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College Savings Accounts

There are a few ways you can save funds specifically for college and educational expenses. Depending upon your circumstances, one or more of these savings vehicles may be appropriate for you. Two alternatives that offer special tax treatment are the 529 plan and Coverdell savings account.

529 Plan

  • You can contribute up to $16,000 ($32,000 for couples) annually without gift-tax consequences
  • Invest up to $80,000 accelerated one time for 5 year period ($160,000 for couple)
  • Withdrawals for qualified higher expenses are free from federal taxation.
  • No income limits on contributions
  • You control the assets

Coverdell Educational Savings Account/Educational IRA

  • Can be used to pay for your child's qualified education expenses from kindergarten through high school and for college expenses
  • You can contribute up to $2,000 annually
  • Earnings can grow tax-free
  • Withdrawals for qualified expenses are free from federal taxation
  • Income restrictions in place if your income exceeds certain limits
  • Investment options are flexible


  • Custodial accounts let you take advantage of your child's lower tax rate while saving for their education
  • No contribution limits
  • There are no income limits
  • Beneficiary gains control of the assets at the age of majority—18 or 21 in most states
  • Tax law changes could impact the adult custodian’s tax liability

529 Plans are state-sponsored investment programs. There is no guarantee by the issuing municipality or any government agency. There may be tax benefits and other advantages to plans offered by your resident state. You should consider the potential benefits (if any) offered to residents by your own state’s plan (if available) prior to considering another state's plan. The availability of tax or other benefits may be conditioned on meeting certain requirements such as residency, purpose for or timing of distributions, or other factors. With very few exceptions, if withdrawals are made from a 529 Plan for purposes other than education, they are considered non-qualified withdrawals, and the earnings will be subject to a 10% federal tax penalty and possibly state tax penalties. As with all tax related decisions, consult with your tax adviser. Information herein is not intended to be tax, legal or investment advice. Please consult a qualified professional and review the program prospectus or offering statement before investing. Please also note that assets in a 529 Plan could impact the beneficiary’s ability to qualify for grants and student loans. Annual asset charges for a 529 plan may be higher than corresponding share classes of underlying mutual funds.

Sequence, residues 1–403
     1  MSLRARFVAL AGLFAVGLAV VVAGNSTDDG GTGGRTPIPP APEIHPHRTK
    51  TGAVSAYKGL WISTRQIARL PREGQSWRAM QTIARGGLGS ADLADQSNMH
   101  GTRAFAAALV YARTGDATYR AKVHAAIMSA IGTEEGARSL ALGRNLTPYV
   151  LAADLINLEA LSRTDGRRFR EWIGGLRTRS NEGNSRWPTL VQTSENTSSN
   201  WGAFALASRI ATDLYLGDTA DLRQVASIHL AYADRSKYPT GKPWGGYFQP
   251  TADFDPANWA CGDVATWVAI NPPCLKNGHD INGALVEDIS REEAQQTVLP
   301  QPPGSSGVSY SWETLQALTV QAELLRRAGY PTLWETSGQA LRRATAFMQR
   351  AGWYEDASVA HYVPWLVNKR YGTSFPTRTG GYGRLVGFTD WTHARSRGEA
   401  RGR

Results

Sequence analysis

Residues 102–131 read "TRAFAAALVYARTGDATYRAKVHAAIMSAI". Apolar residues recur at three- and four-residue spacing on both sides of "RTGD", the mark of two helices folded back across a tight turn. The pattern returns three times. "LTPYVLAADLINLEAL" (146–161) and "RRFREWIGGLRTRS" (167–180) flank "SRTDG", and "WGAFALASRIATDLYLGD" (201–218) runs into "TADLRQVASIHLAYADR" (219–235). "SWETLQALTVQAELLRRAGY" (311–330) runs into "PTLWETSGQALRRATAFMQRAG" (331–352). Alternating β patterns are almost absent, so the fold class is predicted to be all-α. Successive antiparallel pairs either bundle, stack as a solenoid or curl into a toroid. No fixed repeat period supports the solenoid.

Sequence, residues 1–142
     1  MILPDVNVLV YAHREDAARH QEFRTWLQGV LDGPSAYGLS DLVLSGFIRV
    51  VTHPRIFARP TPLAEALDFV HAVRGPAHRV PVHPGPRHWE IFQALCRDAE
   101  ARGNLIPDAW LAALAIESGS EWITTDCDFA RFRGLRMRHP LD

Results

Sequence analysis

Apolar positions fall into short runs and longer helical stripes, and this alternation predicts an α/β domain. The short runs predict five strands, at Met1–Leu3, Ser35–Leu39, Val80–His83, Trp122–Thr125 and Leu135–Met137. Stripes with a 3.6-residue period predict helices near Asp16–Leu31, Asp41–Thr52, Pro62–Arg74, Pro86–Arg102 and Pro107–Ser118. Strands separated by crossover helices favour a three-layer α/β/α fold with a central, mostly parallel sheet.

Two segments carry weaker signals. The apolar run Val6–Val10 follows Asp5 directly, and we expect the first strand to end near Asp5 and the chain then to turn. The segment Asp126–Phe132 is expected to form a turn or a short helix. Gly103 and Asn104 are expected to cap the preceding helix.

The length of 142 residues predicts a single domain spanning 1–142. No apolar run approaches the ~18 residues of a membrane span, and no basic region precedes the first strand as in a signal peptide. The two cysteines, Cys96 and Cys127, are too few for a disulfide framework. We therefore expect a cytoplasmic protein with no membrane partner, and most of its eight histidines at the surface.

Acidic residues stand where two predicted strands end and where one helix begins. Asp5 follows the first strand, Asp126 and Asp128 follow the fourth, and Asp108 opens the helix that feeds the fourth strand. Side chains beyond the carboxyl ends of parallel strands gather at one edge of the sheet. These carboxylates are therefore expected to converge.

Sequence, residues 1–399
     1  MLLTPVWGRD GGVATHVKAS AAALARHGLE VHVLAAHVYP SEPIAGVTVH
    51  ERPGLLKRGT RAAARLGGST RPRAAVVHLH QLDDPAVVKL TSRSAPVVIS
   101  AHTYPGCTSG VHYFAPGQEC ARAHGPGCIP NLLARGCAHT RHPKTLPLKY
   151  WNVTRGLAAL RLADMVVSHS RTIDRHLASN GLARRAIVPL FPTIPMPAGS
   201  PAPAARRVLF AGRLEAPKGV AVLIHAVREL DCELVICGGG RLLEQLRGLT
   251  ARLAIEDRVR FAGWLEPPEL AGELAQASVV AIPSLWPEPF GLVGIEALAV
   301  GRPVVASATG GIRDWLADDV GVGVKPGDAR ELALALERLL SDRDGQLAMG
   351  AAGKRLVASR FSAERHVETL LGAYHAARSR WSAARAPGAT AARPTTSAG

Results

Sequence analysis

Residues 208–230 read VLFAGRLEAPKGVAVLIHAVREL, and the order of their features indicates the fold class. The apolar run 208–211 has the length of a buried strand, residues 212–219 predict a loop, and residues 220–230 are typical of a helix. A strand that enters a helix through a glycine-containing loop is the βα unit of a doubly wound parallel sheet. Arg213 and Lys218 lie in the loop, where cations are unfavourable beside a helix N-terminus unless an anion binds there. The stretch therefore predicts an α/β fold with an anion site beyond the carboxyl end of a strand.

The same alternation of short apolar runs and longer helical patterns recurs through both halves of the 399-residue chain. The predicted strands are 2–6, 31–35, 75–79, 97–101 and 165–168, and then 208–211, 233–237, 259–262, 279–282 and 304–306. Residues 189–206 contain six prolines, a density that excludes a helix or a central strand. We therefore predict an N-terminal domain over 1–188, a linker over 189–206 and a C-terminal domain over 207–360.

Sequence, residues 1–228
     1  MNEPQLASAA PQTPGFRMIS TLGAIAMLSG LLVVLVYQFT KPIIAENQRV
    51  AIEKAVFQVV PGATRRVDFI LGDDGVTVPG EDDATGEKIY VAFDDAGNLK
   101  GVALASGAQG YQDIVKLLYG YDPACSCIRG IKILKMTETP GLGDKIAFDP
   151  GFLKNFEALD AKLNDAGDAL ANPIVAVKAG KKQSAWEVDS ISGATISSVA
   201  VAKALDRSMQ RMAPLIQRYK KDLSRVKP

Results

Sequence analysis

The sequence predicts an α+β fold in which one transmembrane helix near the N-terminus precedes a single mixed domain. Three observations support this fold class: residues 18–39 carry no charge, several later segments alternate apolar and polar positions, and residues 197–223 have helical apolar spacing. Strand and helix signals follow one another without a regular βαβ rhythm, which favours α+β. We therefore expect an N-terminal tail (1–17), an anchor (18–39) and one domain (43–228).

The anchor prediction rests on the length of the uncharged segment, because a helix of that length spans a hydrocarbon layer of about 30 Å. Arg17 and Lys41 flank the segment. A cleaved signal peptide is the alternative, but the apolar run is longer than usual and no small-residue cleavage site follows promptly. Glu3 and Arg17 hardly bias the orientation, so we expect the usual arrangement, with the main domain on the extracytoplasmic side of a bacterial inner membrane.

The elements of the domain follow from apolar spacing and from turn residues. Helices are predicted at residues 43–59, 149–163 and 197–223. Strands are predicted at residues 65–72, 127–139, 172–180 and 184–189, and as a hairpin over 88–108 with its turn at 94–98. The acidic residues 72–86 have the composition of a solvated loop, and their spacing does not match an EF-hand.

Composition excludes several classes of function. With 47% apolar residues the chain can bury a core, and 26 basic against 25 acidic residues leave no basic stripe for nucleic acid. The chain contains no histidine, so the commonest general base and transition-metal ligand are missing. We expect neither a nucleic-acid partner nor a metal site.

Investors should consider the investment objectives, risks, charges and expenses associated with municipal fund securities before investing. This information is found in the issuer's official statement and should be read carefully before investing.

Investors should also consider whether the investor’s or beneficiary’s home state offers any state tax or other benefits available only from that state’s 529 Plan. Any state-based benefit should be one of many appropriately weighted factors in making an investment decision. The investor should consult their financial or tax advisor before investment in any state's 529 Plan.